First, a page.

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Rib fracture

RIB FRACTURE

Diagnosis: RIB FRACTURE
(Fractura costae)

Anatomy:
The cavity of the chest with the lungs and heart is protected by 12 sets of ribs which are attached to the thoracic vertebrae to the rear, and the breastbone at the front. Muscles are fastened on the ribs which assist breathing amongst other things.




  1. Costa (Rib)

  2. Sternum (Breastbone)

  3. Vertebra lumbalis (processus costalis)

  4. L II (2. lumbar vertebrae)



SKELETON OF THE CHEST


Cause: Blows or repeated forceful loads (i.e. golf) can cause a fracture of the ribs (article).

Symptoms: Pain when applying pressure (direct or indirect tenderness), and when breathing deeply.

Examination: The diagnosis can usually be made by normal medical examination. The fracture can be seen by ultrasonography (Ultrasonic image), but rare by X-rays (article). X-ray examination is rarely indicated.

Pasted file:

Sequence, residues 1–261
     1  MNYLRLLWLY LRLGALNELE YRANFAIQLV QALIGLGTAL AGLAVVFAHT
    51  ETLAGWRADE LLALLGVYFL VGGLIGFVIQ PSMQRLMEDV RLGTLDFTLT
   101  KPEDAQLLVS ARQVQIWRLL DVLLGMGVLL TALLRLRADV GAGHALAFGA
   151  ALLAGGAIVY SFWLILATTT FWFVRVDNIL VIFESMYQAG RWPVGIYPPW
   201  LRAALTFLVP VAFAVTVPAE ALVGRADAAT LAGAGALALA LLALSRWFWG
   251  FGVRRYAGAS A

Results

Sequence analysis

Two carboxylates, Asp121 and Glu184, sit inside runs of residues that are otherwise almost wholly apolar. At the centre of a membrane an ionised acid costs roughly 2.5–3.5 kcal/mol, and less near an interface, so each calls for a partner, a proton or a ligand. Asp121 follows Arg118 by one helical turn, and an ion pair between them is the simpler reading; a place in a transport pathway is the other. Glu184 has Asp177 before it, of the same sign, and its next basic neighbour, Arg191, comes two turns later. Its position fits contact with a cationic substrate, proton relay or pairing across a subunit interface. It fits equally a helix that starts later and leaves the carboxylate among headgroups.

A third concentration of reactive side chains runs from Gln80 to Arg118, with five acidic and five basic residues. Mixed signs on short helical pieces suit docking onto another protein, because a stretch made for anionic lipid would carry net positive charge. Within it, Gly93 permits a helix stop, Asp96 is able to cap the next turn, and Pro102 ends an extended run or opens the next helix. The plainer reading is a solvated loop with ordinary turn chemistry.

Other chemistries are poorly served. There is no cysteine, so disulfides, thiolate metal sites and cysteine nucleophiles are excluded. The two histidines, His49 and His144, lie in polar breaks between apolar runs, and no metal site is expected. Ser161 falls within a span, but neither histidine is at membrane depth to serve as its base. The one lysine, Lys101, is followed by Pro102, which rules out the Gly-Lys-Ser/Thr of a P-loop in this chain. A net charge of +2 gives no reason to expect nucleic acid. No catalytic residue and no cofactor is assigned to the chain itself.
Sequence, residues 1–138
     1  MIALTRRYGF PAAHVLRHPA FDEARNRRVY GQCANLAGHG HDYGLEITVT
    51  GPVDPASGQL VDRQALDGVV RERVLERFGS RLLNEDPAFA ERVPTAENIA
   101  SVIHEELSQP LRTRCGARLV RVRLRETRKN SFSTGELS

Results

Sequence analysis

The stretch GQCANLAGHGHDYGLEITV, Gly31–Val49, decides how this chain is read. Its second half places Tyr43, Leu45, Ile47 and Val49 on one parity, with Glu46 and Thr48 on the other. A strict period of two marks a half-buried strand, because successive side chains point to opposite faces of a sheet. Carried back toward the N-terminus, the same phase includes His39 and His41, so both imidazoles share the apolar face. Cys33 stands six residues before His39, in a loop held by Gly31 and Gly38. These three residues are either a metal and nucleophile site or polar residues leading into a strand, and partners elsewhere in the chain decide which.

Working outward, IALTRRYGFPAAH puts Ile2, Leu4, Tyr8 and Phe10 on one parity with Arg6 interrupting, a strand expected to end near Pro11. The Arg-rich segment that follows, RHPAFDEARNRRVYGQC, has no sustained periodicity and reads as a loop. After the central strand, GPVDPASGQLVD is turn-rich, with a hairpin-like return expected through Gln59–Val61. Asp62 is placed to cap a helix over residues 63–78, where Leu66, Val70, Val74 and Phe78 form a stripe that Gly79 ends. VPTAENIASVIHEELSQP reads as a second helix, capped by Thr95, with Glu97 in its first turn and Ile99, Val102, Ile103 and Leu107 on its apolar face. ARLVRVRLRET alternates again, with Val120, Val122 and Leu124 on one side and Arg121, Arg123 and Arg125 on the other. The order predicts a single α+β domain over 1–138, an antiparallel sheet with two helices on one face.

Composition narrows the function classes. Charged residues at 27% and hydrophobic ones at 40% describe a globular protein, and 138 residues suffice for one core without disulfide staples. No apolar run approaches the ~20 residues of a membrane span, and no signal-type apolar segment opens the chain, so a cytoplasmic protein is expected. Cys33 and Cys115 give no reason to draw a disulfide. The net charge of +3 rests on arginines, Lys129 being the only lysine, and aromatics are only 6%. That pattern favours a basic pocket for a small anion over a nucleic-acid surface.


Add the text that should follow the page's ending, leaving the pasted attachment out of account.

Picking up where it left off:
Treatment: Treatment primarily comprises rest. Paracetamol possibly combined with weak morphine type drugs, can be used as painkillers.

Rehabilitation: Rehabilitation can begin as soon as the pain can permit. Elapse of a couple of months must be expected before contact sports can be resumed.
Also read rehabilitation, general.


Tape: Compression bandage has only limited pain relieving effect on rib fractures.

Complications: If there is not a steady improvement in the condition a medical examination should be performed once more to ensure that the diagnosis is correct. If sudden shortness of breath occurs, this can be due to the sharp end of the rib fracture having punctured the lung. If this is suspected, medical attention should be sought immediately for examination and possible treatment.
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